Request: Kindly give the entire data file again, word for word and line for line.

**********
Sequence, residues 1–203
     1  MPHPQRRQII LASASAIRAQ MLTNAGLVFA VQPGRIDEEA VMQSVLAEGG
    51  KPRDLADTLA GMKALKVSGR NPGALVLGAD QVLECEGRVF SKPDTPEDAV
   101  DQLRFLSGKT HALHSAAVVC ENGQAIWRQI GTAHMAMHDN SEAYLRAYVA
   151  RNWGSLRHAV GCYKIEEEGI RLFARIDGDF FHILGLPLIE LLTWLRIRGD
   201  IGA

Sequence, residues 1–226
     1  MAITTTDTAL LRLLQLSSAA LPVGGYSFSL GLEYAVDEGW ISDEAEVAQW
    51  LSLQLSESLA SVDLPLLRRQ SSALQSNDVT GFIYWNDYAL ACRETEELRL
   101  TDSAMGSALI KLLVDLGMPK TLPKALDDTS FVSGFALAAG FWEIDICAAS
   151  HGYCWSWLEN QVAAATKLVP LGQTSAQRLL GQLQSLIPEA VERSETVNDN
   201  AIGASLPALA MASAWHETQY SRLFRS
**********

Sequence, residues 1–203
     1  MPHPQRRQII LASASAIRAQ MLTNAGLVFA VQPGRIDEEA VMQSVLAEGG
    51  KPRDLADTLA GMKALKVSGR NPGALVLGAD QVLECEGRVF SKPDTPEDAV
   101  DQLRFLSGKT HALHSAAVVC ENGQAIWRQI GTAHMAMHDN SEAYLRAYVA
   151  RNWGSLRHAV GCYKIEEEGI RLFARIDGDF FHILGLPLIE LLTWLRIRGD
   201  IGA

Sequence, residues 1–226
     1  MAITTTDTAL LRLLQLSSAA LPVGGYSFSL GLEYAVDEGW ISDEAEVAQW
    51  LSLQLSESLA SVDLPLLRRQ SSALQSNDVT GFIYWNDYAL ACRETEELRL
   101  TDSAMGSALI KLLVDLGMPK TLPKALDDTS FVSGFALAAG FWEIDICAAS
   151  HGYCWSWLEN QVAAATKLVP LGQTSAQRLL GQLQSLIPEA VERSETVNDN
   201  AIGASLPALA MASAWHETQY SRLFRS